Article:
A view of the three-story DFAB House perched atop the NEST Building.
The Light House is a vacation home in Denmark designed by Søren Sarup of Danish firm Puras Architecture. It consists of a low-lying Douglas fir–clad volume topped with a slate-covered A-frame.
A glazed extension to Rini van Beek’s home just outside Antwerp, Belgium makes an old holiday A-frame home more suitable for permanent living.
Consisting of three prefabricated units in West Seattle on a 5,000 square-foot lot, the Genesee Townhomes—by Method Homes and Chris Pardo Design—from 1,250-1,400 square feet, each with three bedrooms and two and a half bathrooms.
The gently sloping nature of the block generated a step in the house levels,  which O’Reilly used  to delineate living and sleeping zones.
The galvanized steel frames, visible from both the interior and exterior, create a repetitive rhythm along the north and south elevations.
A dramatic cantilevered roof extends over the lower building volume, tying together the separate, yet connected, blocks of the home.
An interior courtyard is covered by trellised shading above, filtering light into the living spaces.
Wood screens provide privacy to the lower level, while allowing for ventilation in this hot, humid climate.
The new addition opens the interiors to the garden.
The wood-clad home sits between tall native grasses and dense foliage.
A refined, simple exterior palette of wood, stucco, and concrete allows the true architectural form to shine and blend in with the landscape.
The house also comes with a dock.
The curved roof, a play off the hull of a ship, was inspired by a previous Atelier SAD home project in the Czech town of Liberec. Jerry Koza, along with engineer Tomas Kalhous and architect Adam Jirkal, spent years finding the right location and obtaining permissions. After the rigid approval process, they’re finally able to showcase the flexibility of the concept, which can range from a one-person dwelling to a family-sized float with a 1,076-square-foot floor plan and a 538-square-foot terrace.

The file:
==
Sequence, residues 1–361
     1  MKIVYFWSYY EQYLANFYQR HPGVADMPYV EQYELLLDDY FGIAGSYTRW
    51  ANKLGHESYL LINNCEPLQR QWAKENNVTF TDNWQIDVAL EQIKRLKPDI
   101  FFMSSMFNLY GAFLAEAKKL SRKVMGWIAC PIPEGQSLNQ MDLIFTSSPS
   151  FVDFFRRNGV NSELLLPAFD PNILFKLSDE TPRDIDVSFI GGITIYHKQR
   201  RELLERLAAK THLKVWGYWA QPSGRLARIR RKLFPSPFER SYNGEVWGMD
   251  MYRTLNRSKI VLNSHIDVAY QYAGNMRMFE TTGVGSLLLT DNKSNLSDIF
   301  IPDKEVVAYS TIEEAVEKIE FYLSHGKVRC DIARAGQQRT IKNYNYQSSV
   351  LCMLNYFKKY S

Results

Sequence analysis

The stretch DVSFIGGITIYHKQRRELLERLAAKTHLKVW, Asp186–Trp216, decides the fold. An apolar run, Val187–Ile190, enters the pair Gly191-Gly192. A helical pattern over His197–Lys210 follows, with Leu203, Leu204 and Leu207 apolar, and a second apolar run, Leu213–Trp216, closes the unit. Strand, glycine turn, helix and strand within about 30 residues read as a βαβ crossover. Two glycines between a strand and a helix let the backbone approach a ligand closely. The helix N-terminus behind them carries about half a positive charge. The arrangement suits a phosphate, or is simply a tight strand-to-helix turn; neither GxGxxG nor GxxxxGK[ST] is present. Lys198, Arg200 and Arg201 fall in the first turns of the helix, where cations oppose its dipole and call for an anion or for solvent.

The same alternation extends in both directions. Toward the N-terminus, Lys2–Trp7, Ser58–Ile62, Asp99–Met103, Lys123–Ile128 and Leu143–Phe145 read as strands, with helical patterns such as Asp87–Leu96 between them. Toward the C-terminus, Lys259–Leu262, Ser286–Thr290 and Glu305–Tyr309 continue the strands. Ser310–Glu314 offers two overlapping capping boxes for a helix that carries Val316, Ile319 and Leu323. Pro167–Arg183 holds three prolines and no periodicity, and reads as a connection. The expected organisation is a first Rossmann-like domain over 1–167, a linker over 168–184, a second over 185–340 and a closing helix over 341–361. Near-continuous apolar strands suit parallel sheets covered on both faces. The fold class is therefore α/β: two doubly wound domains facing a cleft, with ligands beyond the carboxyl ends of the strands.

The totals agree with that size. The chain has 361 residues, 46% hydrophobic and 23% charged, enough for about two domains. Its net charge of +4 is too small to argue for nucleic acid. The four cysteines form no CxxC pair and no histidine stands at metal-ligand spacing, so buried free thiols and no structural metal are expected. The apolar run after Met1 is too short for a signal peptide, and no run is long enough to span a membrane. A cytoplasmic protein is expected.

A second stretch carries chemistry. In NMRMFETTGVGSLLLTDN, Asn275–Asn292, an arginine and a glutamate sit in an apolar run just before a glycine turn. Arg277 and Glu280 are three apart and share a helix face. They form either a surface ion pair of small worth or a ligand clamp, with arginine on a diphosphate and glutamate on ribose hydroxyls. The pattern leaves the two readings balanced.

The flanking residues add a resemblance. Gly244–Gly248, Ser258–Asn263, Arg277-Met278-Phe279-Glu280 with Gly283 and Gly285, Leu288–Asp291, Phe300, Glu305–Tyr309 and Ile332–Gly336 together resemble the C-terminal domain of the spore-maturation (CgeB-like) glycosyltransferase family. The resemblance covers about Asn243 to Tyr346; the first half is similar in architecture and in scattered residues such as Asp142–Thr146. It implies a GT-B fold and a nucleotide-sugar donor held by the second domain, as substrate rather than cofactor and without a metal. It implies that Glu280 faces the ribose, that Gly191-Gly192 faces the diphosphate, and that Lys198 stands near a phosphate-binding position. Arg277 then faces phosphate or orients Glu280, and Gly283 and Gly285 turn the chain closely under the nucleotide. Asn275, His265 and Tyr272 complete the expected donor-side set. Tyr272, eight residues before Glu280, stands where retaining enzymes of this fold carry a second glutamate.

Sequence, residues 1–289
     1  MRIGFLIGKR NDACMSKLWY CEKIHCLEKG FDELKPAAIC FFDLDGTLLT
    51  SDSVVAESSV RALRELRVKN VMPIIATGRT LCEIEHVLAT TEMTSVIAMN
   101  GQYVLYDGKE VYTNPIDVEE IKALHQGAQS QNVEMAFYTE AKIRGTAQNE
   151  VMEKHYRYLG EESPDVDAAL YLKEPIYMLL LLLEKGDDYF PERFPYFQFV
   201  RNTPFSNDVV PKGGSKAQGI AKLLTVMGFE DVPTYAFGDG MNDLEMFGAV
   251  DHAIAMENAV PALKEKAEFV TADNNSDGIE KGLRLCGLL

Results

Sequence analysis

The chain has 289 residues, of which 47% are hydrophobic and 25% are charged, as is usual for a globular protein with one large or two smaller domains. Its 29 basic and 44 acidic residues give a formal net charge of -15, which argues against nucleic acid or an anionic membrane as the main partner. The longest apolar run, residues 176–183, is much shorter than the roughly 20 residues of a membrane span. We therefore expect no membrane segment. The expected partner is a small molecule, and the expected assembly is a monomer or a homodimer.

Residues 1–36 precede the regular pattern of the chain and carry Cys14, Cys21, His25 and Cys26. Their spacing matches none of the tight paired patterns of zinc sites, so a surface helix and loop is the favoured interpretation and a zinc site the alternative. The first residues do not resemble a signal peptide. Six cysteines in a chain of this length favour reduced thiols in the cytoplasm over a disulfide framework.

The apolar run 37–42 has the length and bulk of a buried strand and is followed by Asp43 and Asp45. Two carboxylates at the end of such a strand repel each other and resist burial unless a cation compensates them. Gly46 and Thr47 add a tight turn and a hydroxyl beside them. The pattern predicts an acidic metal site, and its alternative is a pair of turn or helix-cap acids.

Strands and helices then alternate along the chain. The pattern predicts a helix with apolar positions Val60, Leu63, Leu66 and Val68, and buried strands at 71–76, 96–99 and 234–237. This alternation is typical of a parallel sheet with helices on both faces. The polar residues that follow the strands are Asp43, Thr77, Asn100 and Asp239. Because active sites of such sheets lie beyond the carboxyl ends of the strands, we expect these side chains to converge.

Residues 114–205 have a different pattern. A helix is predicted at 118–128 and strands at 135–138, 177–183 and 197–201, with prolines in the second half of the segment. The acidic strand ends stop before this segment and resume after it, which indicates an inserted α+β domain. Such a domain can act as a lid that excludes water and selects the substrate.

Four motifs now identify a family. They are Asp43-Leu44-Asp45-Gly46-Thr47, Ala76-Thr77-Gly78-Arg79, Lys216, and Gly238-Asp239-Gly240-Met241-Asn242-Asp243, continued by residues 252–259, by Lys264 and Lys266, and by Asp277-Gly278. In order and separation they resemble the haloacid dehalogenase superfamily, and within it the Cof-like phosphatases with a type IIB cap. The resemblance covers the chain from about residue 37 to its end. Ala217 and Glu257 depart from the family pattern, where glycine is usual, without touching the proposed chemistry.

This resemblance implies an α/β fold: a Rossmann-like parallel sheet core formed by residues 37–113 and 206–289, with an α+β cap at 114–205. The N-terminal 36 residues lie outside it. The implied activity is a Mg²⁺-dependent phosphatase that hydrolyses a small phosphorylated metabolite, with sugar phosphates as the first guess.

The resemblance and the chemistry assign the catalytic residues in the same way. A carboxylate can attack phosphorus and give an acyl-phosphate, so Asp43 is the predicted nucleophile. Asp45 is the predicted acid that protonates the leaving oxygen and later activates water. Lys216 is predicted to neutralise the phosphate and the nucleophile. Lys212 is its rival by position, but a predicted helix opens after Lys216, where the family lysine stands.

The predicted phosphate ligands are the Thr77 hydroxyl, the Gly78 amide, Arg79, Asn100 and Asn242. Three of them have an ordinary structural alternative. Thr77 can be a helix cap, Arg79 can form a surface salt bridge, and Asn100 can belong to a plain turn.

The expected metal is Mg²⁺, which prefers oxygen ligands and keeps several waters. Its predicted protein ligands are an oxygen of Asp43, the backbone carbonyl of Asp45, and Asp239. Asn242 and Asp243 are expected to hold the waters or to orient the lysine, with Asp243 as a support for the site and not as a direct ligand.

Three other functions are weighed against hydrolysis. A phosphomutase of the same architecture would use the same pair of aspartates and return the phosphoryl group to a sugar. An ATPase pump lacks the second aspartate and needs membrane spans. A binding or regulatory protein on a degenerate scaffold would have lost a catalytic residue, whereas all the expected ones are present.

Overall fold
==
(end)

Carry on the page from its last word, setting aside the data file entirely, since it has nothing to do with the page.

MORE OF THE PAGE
Steep street. Original garage door and wooden louvers.  New third floor glass louvers.
The American Woolens Dye house is a brick and timber structure that was originally built in 1880.
Lisbeth Juul and Laust Nørgaard drew upon their years of experience living on the water to design and build an 860-square-foot floating home in Copenhagen Harbor. The home’s minimal form and furnishings reflect the residents’ desire to downsize following three years on land.
A terrace is located just off the master suite.
Mount Pleasant Modern: Front Elevation
Mount Pleasant Modern: Main Entry
From the street, the house appears as a modest, single-family home in scale with many of the older, post-war homes which exist in the area. But upon entering the house, it’s surprisingly expansive.
Aranzazu House - Besonías Almeida arquitectos
The shingled, zinc-roofed boathouse was envisioned as a simple port of call, where “the only luxury was the landscape,” says Guillermo.
Guillermo, who left the land-scaping mostly natural, is now planting trees to help offset deforestation in the region.
Suspended in the forest, the Pinecone tree house is a sight to behold.

Zoom out for a look at the modern exterior. From your dream house, to cozy cabins, to loft-like apartments, to repurposed shipping containers, these stellar projects promise something for everyone. Explore a variety of building types with metal roofs, wood siding, gables, and everything in between.